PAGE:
Another aspect to consider is the debate Lisa Khan discusses in her article “Amazon’s Antitrust Paradox”.[3] Being a competition lawyer herself, her argument is part of a larger debate about whether the current paradigm in antitrust has failed. Focusing on Amazon and its market dominance, she states “As Amazon continues both to deepen its existing control over key infrastructure and to reach into new lines of business, its dominance demands the same scrutiny.” Yet the level of scrutiny remains unchanged regardless of the company’s size or dominance.

She asks the following questions and adds without considering these questions, we risk permitting the growth of powers that we oppose but fail to recognize:

  • First, does our legal framework capture the realities of how dominant firms acquire and exercise power in the internet economy?
  • What forms and degrees of power should the law identify as a threat to competition?

Well, it is no secret that the big digital companies benefit from the network effect; meaning the more people are on their service, the more attractive their platform becomes. What Facebook has succeeded in its early days against Myspace, will most probably never happen again; as the quality of the product will no longer suffice to reverse today’s competition balance. Today, the product (no matter how advance and better it may be) will not be able to compete with its rivals like Facebook, as it would require beating the data pool of billions of users. Additionally, advertisers too want to do business with platforms with more users allowing them to achieve their desired outreach. Choice of the advertisers coupled with the volume of users only reinforce the obstacle against innovation and competition.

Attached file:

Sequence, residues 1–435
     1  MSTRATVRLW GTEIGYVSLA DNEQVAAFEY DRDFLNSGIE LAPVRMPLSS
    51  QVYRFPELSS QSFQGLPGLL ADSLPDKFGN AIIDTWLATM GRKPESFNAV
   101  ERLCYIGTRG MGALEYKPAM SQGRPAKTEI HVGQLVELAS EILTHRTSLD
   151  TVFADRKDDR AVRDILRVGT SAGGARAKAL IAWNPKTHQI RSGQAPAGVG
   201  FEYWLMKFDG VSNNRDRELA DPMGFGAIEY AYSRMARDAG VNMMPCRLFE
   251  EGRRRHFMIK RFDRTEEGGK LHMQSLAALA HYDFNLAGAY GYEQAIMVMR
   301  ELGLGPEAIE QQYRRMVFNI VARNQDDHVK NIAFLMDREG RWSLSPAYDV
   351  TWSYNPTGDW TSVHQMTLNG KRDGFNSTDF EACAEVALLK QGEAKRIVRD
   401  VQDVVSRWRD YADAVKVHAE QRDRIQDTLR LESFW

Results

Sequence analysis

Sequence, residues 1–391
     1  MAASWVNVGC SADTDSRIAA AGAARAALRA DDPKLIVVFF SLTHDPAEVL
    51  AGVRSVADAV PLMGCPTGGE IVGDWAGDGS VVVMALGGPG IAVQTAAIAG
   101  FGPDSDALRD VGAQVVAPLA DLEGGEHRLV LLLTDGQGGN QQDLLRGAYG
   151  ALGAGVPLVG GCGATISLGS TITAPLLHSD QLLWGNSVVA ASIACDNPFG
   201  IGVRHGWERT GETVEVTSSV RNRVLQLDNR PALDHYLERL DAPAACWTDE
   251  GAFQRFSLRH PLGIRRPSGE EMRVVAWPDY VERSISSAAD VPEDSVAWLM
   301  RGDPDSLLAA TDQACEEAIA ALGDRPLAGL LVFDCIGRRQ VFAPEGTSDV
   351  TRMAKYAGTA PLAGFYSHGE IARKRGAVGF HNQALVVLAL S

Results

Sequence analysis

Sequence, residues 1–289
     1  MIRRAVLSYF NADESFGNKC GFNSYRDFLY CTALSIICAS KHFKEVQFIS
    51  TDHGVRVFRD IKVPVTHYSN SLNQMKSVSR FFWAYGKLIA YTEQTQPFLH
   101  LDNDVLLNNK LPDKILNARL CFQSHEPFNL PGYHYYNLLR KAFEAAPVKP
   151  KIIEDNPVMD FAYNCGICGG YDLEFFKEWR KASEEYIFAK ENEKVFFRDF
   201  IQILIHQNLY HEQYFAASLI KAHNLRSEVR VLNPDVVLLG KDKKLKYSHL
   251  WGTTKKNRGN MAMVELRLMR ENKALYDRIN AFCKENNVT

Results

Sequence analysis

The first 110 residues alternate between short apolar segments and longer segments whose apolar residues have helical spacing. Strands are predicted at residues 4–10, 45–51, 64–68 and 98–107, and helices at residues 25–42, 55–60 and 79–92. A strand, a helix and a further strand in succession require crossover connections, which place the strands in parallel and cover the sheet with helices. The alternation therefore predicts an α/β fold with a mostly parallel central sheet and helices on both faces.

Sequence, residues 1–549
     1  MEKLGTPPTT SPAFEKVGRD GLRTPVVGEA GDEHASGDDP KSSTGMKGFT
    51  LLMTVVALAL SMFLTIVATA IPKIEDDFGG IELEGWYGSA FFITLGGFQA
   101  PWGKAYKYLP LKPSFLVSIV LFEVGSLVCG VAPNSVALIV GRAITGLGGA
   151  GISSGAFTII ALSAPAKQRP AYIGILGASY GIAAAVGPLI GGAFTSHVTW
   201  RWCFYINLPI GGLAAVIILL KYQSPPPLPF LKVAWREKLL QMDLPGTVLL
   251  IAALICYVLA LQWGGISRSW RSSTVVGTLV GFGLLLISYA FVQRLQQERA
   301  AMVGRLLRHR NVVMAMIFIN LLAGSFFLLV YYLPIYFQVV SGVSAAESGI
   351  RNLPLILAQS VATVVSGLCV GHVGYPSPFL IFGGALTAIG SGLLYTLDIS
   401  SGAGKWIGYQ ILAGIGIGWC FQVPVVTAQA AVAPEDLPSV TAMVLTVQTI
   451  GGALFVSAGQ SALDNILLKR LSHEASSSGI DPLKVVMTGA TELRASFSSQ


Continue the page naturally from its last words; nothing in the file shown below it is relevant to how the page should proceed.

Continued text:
As Wheeler discussed in his article, in 1992 Congress required open access to the video content essential for satellite to become a viable competitor, allowing a medium for competitors to grow. Considering what was done back in 1992 and provided that this time the asset to foster competition is digital, today new measures must be taken to ensure that these digital assets, corresponding to user’s information must similarly be open and available. In the meantime, additional measures must be taken, and regulations must be designed to allow the monetization of data, so that the open and available data pools will not lead to a catastrophe of privacy violations. If this can be done properly, having open and available data for all will take away big digital companies’ means to dominate their market.

One good example for paving the way for innovation by removing competition barriers is the open data policy for the largest banks in the United Kingdom. Before this initiative, consumers were only able to work with banks who were holding their information. Under the open banking initiative, however, the consumer’s digital information is accessible by third parties with the consumer’s permission. In the U.K. there are around 200 companies, who are working to develop new apps for consumers by way of benefiting from the open banking initiative.

Today’s antitrust laws were designed in the 19th and 20th centuries, reflecting the market dynamics and the industrial strengths of the time. There is no doubt that they will have to undergo a major transformation to meet the needs of the digital economies; yet this transformation should be extensive enough to tackle the issue from various different aspects.

Warren’s proposal may sound exciting at first; yet if what she proposes is not supported with certain other measures and initiatives such as data monetization, open and available data and stricter merger controls, they will probably fail to design an overarching and effective competition policy that would enable a competition-friendly digital economy.